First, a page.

Interview with Filmmaker Sarah French [Women in Horror Month 2021]

Please introduce yourself.
I’m Sarah French, an actress based out of Studio City, CA. I grew up in the Midwest. I spent a portion of my childhood growing up on a farm. I think that’s where my love for entertaining came from. We didn’t have computers, cell phones or cable TV. We had to be creative to entertain ourselves. I loved putting on plays for friends and family. As a teenager I found friends that were into what I was into and we all made short horror films together. I went to school for criminal justice but couldn’t escape my love of film, so I chose to focus on that. I’m a huge horror fan and love metal music. I enjoy hiking and being out in nature.

What is it that attracts you the horror genre for your chosen field of creative work?
It all started when I was a kid. I loved going to the video stores, sifting through the VHS movies and looking at the killer artwork on each of the boxes. That’s kind of how I chose the movies I wanted to rent. It was all horror. My mom was deeply religious and didn’t want my sister and I to watch horror films. She would never let us watch anything on TV or in film that had any kind of violence or gore. So naturally when your parents tell you not to do something, you want it even more. One day my grandma was babysitting us girls and she took us to the neighborhood video store.

One box cover caught my attention. It was Child’s Play. I immediately wanted to watch it. So somehow my sister and I tricked our grandma into renting it for us and that’s where it began. I fell in love with horror from that day on. I was about 5 years old and I haven’t looked back since. The draw was being scared. I loved that feeling and wanted more. In general, film is an important part of life. It gives you an escape from the everyday horrors, anxieties, stresses of life and lets you immerse into another world. It’s an escape and we all need that sometimes.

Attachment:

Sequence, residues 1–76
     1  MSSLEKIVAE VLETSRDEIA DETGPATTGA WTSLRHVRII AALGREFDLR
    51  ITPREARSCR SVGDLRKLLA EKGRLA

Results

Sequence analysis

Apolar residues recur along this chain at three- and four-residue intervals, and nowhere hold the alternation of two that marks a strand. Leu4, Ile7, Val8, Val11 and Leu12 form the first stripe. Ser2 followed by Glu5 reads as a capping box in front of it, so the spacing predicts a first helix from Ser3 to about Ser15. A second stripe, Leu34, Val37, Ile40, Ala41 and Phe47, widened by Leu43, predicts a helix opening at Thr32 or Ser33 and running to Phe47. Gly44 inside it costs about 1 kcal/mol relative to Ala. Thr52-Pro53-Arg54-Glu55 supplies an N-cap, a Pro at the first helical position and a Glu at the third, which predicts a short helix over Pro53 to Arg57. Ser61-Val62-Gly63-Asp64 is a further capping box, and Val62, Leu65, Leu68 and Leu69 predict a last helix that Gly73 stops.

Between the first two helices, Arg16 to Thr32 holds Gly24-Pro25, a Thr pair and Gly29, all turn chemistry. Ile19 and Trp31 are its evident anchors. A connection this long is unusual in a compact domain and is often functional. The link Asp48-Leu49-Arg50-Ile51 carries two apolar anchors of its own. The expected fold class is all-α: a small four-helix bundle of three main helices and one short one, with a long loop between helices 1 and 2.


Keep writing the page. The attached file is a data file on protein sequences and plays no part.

Who inspires you in your work and in life?
Most people would pick a celebrity or something like that, but for me it’s my mom. She is the toughest and hardest working woman I know. My mom was a single parent and raised 2 little girls on her own. That is no easy task! She taught us the life lessons of hard work and dedication. I also learned about struggle and to appreciate for what I have. I wouldn’t change my upbringing for anything, because it’s made me who I am today. I am very strong willed and have always worked hard for what I want in life.

Women in horror have made great strides, but it’s clear that a lot of work is still needed to make it a most inclusive genre. To you, what is the importance of a movement like Women in Horror Month?
I think WIHM has really shined a light on all the roles women play in the industry. As an actress, I’m front and center. We tend to get all the recognition. But there are so many people that work hard behind the scenes to bring a film to life. WIHM allows the world to see all the talent behind the camera. Women are directors, writers, producers, AD’s, etc. The sky is the limit.

What would you tell an up-and-coming creative in the world of horror who sees that being a woman/identifying as a women as something that makes it so much more difficult at times?
We are in a new age. I think the playing field has leveled to a certain extent. Its all about drive and talent. You must work hard. Stay focused. Don’t give up. Opportunities will present themselves. You must see them and chase your dreams. At the same time, support one another. That doesn’t happen enough. It’s a tough industry and it’s easy to play the high school games. Don’t.